Iguazu National Park

Cute coatimundis (raccoon-like animals with masked eyes and long, ringed tails) trail visitors, poking pointed noses into their bags, looking for treats. "Ignore their imploring looks," says guide Virginia De Oliveira. "Junk food decays their teeth."

Even though she sees the waterfalls nearly every day, De Oliveira admits that she never tires of them. "They're constantly changing, depending on the weather and the location."

Devil's Throat

Many of the cataracts break midway, forming double tiers. Their thundering roar reaches a crescendo at Devil's Throat, where 14 separate falls converge in a wall of water, with such titanic force, that an early explorer described it as "an ocean plunging into an abyss."

Visitors on Brazil walkway look at rainbow.
Visitors on Brazil walkway look at rainbow.
Photo © Barb & Ron Kroll

Rainbows arch over a walkway, which brings visitors out into a maelstrom of waterfalls, pounding like tidal waves above, below and around them. Faces, hair and clothing become soaked from the spray. No matter. People linger, enthralled by the spectacle.

Buildings and walkways in Iguazu National Park are accessible by the disabled and parents pushing baby strollers. The Ecological Train of the Jungle is an eco-friendly way to travel through the park.

Helicopter view of two-tiered falls
Helicopter view of two-tiered falls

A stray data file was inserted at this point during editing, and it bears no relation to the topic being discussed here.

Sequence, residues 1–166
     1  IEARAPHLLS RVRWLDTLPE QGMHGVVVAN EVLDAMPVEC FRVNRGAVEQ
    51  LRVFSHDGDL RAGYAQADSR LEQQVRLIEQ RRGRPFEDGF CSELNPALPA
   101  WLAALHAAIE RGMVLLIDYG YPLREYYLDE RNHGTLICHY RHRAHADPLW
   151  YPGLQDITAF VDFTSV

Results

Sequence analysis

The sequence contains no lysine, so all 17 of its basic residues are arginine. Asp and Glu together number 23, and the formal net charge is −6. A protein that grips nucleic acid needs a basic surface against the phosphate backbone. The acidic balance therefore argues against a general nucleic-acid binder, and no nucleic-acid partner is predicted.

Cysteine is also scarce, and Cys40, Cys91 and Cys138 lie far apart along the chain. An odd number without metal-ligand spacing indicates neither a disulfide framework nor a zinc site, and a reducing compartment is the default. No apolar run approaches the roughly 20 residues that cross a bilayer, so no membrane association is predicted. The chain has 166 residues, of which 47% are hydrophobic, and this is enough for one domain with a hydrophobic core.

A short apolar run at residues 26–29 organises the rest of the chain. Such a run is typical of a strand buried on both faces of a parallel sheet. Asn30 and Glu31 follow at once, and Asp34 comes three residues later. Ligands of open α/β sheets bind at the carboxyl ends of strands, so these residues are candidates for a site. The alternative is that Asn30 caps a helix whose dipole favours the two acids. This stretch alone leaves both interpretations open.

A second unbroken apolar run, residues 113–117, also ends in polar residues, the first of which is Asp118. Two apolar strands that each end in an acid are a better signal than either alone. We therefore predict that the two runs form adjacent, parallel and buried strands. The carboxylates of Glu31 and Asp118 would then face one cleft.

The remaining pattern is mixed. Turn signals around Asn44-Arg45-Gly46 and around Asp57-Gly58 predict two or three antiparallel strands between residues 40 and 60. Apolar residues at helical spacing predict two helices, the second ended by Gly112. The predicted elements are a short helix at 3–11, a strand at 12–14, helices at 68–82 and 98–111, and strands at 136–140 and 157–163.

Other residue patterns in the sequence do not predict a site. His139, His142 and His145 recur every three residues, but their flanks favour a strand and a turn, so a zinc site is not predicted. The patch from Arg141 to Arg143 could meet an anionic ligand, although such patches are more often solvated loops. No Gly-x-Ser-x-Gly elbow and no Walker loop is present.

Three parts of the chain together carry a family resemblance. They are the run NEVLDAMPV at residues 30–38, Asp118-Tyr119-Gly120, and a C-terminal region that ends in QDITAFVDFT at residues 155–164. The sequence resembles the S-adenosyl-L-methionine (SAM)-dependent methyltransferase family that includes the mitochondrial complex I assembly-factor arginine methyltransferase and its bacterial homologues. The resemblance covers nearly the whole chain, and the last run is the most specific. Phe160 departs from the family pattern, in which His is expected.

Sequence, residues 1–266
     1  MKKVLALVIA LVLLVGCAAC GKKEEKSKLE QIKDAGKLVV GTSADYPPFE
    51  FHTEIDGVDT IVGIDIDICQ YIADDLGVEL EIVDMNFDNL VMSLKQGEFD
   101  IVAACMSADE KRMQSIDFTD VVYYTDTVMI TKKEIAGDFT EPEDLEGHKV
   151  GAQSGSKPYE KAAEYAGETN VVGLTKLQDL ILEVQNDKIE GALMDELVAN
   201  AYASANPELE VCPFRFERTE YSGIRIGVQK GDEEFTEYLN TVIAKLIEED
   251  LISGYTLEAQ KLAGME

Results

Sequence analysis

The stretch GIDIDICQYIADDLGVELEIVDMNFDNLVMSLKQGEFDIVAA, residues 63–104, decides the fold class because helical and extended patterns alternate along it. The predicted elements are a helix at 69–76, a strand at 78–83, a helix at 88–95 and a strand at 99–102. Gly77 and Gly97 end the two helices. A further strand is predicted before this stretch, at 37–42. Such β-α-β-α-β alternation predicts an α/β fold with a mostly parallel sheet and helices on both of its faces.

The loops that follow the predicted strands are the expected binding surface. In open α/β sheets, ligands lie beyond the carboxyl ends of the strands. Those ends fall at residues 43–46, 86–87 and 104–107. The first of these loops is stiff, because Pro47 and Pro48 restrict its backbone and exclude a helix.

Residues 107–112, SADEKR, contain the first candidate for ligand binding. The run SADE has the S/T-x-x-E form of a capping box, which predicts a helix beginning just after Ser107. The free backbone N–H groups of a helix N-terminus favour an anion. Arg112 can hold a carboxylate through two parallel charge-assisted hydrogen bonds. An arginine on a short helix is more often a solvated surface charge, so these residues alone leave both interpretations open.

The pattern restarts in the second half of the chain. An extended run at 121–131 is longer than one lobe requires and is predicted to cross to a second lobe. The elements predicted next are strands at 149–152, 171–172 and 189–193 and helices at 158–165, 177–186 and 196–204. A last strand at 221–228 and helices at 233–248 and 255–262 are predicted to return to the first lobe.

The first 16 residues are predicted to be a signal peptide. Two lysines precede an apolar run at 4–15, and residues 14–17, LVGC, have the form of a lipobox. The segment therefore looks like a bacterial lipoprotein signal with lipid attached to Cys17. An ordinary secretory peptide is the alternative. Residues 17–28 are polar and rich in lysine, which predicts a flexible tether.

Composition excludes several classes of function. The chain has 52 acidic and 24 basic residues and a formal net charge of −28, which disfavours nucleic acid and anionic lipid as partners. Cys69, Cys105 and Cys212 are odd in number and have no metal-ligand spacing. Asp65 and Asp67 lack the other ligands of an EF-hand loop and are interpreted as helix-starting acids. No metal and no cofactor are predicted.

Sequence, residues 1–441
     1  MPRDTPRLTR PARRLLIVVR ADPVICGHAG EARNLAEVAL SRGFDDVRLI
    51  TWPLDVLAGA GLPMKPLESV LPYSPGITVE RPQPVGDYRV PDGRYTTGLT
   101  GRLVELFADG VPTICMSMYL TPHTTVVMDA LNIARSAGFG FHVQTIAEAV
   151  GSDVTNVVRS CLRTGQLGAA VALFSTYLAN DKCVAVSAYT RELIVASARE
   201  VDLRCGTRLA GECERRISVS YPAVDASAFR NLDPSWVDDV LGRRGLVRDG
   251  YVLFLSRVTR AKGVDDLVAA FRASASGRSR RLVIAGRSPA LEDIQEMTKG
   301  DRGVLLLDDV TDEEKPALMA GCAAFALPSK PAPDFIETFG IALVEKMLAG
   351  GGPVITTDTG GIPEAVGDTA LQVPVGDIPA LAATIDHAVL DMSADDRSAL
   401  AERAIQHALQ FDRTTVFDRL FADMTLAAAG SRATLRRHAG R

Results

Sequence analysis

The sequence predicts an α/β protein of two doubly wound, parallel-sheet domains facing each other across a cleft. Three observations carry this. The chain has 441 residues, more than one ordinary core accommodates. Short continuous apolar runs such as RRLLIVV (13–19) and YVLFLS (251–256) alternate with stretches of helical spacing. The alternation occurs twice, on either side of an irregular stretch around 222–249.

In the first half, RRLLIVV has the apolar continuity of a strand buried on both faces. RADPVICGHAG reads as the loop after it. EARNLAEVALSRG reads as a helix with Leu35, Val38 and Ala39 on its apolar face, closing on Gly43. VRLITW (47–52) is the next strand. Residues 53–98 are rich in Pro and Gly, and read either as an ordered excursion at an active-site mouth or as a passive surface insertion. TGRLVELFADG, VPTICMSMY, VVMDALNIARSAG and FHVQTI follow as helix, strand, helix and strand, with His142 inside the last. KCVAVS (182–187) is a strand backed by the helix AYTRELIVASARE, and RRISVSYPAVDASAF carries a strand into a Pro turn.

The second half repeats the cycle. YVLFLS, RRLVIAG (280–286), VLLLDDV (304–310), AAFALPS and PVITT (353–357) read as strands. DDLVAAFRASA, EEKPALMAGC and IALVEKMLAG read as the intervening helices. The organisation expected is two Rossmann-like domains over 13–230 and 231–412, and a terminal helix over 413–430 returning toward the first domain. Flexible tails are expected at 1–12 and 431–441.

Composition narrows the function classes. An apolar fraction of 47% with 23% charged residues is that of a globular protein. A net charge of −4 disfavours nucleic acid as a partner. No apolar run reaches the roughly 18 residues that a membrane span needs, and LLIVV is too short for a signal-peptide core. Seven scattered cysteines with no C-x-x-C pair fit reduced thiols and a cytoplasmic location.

Photo © Barb & Ron Kroll

Adventure tours

The next day, visit the Argentinean side of the park for up-close views from two levels of walkways, both offering equally tantalizing vistas. From an upper-level bridge, gaze at three formidable falls stitched together with rainbows.

Below, another catwalk spans three more falls. Here, amid the primeval electric green of the jungle and the tumultuous cataracts, Robert de Niro and Jeremy Irons climbed slippery rocks in The Mission, and Roger Moore enacted his daring exploits as James Bond in Moonraker.

Macuco Safari

No less adventurous are the boat excursions up the Iguazú River. On the Brazil side, Macuco Safari tours begin with vintage jeep rides along a jungle trail. (Former tennis-pro, Gabriella Sabatini, filmed a German television commercial for perfume, on one of these jeeps.)

Guides point out bromeliads, water vines, lizards and other flora and fauna. More than 1,200 species of butterflies and 32 species of orchids punctuate the vibrant green subtropical vegetation. The hike ends at pretty Macuco Falls, named after a local quail-like bird.

Visitors then board a five-passenger Zodiac™. It zips up, around, and gently over the five-foot-high waves, then swings in a wide 360-degree circle under the cool curtain of water surging from Three Musketeers Falls. Great egrets and black cormorants watch the boat glide back to the starting point.

Helicopter tours

Although Iguazú is awesome, when seen from land and water, nothing surpasses a bird's-eye perspective from the air. Sightseeing helicopters, offering ten-minute tours, depart frequently from Foz do Iguaçu.

As you whirl above the national park, the river rapids, moss-covered rocks, dense jungle, foaming cascades, clouds of mist and a parade of rainbows all merge into an overwhelming symphony that can only be described in one Indian word: Iguazú.


Argentina Tourism Office: www.argentina.travel

More things to see and do in Argentina and Brazil:

Argentina Wine Country Tours

Brazil Amazon Cruise

Jungle Lodge Amazon Vacation

Ariau Amazon Towers Brazil Tree House Resort

Copacabana Palace Hotel Rio de Janeiro Brazil